Prime Minister Liz Truss is no more! Chaos continues

She wanted to make history, and she succeeded. By announcing her resignation after 44 days in power, Liz has just become Britain’s shortest-serving Prime Minister.

She is leaving office, rejected by her own party, rightly whistled at by protesting workers in various sectors. In any future textbooks of British political history, she will be remembered as an incompetent leader by accident who, in a moment of historical crisis, wanted to take from the poor to offer a gift to the richest of the richest.

So much she wanted to be Margaret Thatcher, apparently forgetting that history only repeats itself as a farce.

Her turboliberal ideas and economic lack of imagination horrified even her party’s free-market colleagues, as well as her Tory business sponsors. First she had to cancel record tax cuts for the wealthiest, now she is withdrawing from Downing Street altogether.

Conservative British media are writing today that Truss has lost the battle against the laws of economics. It would be more accurate to say that she simply lost to business and to those party colleagues who had a better understanding of what serious market players expect in Britain today. And they expect nothing less than a government that will create the conditions for them to continue to quietly multiply their profits, not allow them to have to bear the cost of the crisis, but at the same time calm the social situation enough to prevent the wave of strikes from turning into something even more serious.

Liz Truss, meanwhile, was going to push on with her dystopian, completely unrealistic vision of a ‘Britain unchained’, a free market with absolutely no restrictions. She also intended to go toe-to-toe with the trade unions. Now that soaring prices are causing tens of thousands of people to join strikes and campaigns coordinated by the unions. And those who happen not to be on strike are expressing their understanding and support for the protesters in the polls.

Speaking of polls, Truss’s ideas have sent the Tories’ poll numbers plummeting and Labour’s ratings to record levels. The Tories faced the prospect of losing hundreds of seats. The party got rid of Truss to avoid disaster. But it will not – because it would not be the Conservative Party if it did – get rid of its core principles.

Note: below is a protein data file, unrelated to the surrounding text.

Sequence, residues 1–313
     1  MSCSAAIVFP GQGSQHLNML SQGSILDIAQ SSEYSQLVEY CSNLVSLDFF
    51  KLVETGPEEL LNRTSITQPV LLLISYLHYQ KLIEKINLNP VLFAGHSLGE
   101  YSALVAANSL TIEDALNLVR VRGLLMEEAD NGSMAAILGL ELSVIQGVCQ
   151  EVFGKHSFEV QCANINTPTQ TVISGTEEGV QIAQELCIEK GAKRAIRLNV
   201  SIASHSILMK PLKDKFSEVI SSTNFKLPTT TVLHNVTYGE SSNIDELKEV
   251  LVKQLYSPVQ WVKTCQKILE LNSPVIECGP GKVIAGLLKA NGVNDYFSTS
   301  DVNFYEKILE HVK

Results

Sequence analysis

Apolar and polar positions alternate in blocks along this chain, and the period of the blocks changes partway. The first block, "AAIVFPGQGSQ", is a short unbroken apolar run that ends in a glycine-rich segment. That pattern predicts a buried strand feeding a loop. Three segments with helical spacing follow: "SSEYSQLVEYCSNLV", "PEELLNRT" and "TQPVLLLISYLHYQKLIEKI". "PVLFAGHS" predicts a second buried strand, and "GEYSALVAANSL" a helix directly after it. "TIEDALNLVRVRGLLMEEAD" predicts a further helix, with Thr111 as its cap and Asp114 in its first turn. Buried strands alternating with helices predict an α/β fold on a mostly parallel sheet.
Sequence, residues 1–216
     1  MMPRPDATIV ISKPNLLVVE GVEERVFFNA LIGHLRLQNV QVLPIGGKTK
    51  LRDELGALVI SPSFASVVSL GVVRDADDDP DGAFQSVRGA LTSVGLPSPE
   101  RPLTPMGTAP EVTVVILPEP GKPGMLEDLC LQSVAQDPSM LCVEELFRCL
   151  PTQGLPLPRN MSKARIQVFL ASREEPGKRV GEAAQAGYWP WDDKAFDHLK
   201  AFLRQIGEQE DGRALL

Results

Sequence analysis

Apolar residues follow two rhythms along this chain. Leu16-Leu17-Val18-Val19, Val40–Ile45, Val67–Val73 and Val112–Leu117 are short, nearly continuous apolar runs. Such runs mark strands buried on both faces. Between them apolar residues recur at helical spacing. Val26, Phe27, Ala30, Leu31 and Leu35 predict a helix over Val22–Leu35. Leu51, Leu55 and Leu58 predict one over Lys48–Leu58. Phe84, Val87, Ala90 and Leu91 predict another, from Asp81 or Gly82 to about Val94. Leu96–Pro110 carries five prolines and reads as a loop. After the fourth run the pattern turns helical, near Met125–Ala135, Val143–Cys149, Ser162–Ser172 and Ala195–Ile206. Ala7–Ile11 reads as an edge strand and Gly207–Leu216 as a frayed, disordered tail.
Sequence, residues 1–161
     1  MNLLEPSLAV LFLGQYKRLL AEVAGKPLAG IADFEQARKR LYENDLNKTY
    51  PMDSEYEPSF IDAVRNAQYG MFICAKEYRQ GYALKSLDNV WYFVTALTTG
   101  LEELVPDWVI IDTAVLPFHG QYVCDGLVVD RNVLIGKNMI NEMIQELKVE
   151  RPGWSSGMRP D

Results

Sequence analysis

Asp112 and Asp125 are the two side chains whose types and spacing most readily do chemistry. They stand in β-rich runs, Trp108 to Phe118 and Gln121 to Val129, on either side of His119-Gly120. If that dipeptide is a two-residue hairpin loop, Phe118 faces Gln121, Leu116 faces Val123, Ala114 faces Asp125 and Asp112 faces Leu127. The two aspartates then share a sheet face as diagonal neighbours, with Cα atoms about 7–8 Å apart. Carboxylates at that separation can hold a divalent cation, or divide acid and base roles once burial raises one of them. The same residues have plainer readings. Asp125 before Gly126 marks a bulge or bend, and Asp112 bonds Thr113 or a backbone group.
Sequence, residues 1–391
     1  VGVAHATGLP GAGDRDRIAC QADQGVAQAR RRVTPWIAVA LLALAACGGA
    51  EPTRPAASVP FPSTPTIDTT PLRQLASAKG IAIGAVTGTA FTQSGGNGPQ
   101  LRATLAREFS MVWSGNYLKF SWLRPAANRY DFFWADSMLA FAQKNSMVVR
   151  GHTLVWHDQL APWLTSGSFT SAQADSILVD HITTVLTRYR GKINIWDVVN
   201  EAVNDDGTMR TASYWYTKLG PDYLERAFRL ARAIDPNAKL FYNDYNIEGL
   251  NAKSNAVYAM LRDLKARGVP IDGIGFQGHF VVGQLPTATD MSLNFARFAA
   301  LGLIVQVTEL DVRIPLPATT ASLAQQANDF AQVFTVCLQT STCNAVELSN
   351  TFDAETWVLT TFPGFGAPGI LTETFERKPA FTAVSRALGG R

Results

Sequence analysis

It will not suddenly start defending the interests of the working majority of British men and women. It will not hit capital too hard, even though the situation is extraordinary because Britain has not experienced such a crisis for decades.

Whoever the new British Prime Minister is, he or she can be expected to reach for ‘austerity’ measures that will hit workers.

Probably without Truss-style excesses, perhaps in a more sedate, ‘professional’ and ‘responsible’ style. But the of the matter will be simple: it will be the working and middle classes who will be forced to pay for this crisis, like they paid for the previous one.

Unfortunately, it is difficult to responsibly predict that if the next Prime Minister were to turn out to be a Labour politician, he or she would do things very differently.

The Labour chairman Keir Starmer is a representative of the right wing of the party, successful mostly in cutting out the left wing. He is a ‘defender of workers’ who discouraged his partyMPs from joining the pickets of protesting railway staff.

He is a ‘left-winger’ who is very concerned that the party does not accidentally turn too far to the left, because it will ‘discourage’ moderates. The upshot is that, at a time of massive social upheaval, many Brits are struggling to say what the chairman of a nominally pro-worker party is actually called.

Mick Lynch, leader of the RMT, the railwaymen’s union, has said that Britain needs an uprising –

or, more specifically, a series of time-coordinated strikes in key sectors.

This is not just wishful thinking – these strikes will happen because workers are fed up with the burden of the crisis being placed on their shoulders. They are already protesting or just getting ready to do so.

British capitalism is crumbling. The question is whether the coming social mobilisation will be great enough to make it tremble in its foundations.

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